Young Adults' Perceived Purposes of Emerging Adulthood: Implications for Cohabitation
attitudes toward cohabitation, cohabitation, emerging adulthood, views of emerging adulthood
The authors investigated associations between young adults' perceived purposes of emerging adulthood and their attitudes toward and participation in cohabitation. In a sample of 775 never married individuals, ages 18–29 (69% female, 69% white) from the United States, young people's perceptions of this period of life were associated with their acceptance of cohabitation, their reasoning for accepting cohabitation, and the likelihood of cohabiting. Results showed that the perception that emerging adulthood is a time to prepare for future family roles was negatively associated with acceptance of cohabitation whereas the perception that emerging adulthood is a time to take risks was positively associated with acceptance of cohabitation. The perception that emerging adulthood is a time to prepare for future family roles was associated with an increased likelihood of having cohabited while the perception that emerging adulthood is a time of possibilities was associated with a decreased likelihood of having cohabited. Implications for future research are discussed.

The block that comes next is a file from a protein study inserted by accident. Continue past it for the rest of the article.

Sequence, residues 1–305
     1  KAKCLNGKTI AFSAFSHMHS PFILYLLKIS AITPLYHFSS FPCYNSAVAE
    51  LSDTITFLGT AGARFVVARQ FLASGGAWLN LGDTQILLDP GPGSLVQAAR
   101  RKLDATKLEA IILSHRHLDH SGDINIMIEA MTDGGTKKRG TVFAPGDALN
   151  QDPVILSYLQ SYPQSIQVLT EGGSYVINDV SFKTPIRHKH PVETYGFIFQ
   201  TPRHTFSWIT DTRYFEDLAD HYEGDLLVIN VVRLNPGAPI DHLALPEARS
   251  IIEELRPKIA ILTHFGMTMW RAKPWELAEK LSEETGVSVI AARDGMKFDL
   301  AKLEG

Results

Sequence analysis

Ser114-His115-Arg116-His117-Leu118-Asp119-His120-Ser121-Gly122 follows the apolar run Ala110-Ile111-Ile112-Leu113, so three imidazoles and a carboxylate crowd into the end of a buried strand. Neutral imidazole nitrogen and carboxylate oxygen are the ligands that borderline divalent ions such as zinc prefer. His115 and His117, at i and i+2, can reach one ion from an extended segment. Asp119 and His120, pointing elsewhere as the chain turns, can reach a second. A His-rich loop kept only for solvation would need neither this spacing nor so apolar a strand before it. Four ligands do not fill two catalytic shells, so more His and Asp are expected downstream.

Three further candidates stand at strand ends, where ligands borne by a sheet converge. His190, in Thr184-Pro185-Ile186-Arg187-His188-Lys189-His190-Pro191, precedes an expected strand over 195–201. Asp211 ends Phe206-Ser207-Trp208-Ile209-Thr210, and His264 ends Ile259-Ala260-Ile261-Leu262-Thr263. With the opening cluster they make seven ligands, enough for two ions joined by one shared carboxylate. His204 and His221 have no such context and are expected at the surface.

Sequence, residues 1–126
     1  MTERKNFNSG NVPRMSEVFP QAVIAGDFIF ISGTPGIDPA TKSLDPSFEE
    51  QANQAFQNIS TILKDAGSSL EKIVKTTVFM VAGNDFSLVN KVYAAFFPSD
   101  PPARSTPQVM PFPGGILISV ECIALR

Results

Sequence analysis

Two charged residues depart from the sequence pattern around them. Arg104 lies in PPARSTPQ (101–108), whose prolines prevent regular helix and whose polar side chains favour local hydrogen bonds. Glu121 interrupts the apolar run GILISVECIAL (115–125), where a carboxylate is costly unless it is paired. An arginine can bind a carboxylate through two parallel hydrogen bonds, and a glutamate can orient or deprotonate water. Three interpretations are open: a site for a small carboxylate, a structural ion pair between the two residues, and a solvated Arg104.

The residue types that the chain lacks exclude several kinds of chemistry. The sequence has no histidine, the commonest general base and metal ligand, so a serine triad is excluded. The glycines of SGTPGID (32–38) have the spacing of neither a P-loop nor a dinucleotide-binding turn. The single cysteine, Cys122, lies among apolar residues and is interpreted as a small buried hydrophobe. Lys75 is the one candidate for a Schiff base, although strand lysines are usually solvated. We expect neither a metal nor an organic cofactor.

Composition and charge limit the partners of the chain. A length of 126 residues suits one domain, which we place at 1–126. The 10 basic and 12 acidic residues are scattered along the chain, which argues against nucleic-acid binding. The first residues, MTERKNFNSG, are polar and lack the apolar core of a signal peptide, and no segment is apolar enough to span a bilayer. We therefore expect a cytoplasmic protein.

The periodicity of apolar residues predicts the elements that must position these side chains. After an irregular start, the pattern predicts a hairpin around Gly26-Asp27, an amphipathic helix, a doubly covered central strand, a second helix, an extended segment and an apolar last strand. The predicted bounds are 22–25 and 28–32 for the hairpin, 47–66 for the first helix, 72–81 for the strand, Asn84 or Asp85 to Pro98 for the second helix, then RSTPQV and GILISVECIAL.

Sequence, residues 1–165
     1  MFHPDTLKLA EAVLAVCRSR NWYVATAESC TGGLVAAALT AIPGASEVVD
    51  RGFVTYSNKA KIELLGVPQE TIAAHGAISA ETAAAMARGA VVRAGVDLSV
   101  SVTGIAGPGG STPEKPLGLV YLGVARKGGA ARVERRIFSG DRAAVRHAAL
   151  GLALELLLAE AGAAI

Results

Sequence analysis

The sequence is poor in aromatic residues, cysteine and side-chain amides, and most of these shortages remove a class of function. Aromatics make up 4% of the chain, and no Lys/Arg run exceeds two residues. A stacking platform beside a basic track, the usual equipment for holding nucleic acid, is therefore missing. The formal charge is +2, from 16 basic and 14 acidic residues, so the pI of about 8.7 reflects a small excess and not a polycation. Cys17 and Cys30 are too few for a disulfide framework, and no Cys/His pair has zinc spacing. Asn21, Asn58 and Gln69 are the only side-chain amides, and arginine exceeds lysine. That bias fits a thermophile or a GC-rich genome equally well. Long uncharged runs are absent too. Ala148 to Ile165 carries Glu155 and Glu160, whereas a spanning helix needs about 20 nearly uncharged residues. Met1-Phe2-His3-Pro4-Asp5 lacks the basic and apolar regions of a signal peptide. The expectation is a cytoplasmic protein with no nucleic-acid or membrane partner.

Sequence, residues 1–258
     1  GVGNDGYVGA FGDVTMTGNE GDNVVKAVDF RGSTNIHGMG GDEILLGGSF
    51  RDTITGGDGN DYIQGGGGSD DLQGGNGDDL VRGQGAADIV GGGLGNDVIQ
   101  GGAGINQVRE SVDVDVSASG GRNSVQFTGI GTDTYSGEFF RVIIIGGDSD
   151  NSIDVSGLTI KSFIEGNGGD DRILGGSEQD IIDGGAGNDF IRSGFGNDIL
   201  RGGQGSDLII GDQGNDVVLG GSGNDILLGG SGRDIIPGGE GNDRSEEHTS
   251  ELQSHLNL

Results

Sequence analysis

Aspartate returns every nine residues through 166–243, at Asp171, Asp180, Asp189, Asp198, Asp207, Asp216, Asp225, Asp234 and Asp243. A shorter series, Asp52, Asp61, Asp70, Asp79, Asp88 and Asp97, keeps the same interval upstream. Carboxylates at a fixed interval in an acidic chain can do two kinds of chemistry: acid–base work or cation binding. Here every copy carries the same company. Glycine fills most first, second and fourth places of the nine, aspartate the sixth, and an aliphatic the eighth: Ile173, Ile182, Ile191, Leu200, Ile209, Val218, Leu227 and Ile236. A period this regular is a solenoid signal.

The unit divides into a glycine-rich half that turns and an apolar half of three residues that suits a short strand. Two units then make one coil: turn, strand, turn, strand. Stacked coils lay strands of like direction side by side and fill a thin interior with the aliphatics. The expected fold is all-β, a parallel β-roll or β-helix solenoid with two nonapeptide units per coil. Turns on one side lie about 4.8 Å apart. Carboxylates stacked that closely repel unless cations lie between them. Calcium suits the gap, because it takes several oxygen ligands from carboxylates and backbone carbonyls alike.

Original Publication Citation
*Rogers, A. A., Willoughby, B. J., & Nelson, L. J. (2016). Young adults’ perceived purposes of emerging adulthood: Implications for cohabitation. The Journal of Psychology: Interdisciplinary and Applied, 150, 485-501.
BYU ScholarsArchive Citation
Rogers, Adam A.; Willoughby, Brian J.; and Nelson, Larry J., "Young Adults' Perceived Purposes of Emerging Adulthood: Implications for Cohabitation" (2015). Faculty Publications. 4700.
The Journal of Psychology
Family, Home, and Social Sciences
© 2016 Taylor & Francis Group, LLC
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